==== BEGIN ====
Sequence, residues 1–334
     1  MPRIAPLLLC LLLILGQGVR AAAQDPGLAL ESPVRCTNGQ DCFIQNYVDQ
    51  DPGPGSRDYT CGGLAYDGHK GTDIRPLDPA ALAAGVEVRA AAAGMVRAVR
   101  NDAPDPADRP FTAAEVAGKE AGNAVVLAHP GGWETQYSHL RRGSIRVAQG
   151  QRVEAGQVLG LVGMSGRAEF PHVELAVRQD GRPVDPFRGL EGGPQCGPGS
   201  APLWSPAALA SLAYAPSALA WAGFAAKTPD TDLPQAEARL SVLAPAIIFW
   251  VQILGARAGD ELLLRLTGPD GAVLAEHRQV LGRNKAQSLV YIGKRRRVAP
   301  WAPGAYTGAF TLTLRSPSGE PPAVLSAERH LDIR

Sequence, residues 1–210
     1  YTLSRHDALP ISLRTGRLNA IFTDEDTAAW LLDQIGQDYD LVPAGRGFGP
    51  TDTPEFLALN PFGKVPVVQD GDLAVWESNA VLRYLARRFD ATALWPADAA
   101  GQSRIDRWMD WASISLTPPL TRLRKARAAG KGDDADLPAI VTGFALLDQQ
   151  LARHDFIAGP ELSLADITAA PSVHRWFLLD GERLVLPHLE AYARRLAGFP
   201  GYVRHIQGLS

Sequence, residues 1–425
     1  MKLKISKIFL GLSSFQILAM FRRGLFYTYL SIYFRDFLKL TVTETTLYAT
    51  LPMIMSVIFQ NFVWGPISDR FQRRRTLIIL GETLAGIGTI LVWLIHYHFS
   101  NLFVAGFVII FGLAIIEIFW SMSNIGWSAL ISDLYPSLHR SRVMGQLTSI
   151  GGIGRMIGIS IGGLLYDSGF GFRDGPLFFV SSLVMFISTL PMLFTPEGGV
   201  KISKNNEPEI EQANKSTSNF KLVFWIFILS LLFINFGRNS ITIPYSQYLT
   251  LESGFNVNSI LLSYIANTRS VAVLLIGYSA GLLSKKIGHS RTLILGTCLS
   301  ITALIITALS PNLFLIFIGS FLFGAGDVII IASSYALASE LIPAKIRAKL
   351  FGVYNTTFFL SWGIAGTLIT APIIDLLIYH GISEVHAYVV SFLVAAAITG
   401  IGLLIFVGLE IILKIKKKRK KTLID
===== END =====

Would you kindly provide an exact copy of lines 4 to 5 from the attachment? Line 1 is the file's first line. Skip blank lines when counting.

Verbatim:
   101  NDAPDPADRP FTAAEVAGKE AGNAVVLAHP GGWETQYSHL RRGSIRVAQG
   151  QRVEAGQVLG LVGMSGRAEF PHVELAVRQD GRPVDPFRGL EGGPQCGPGS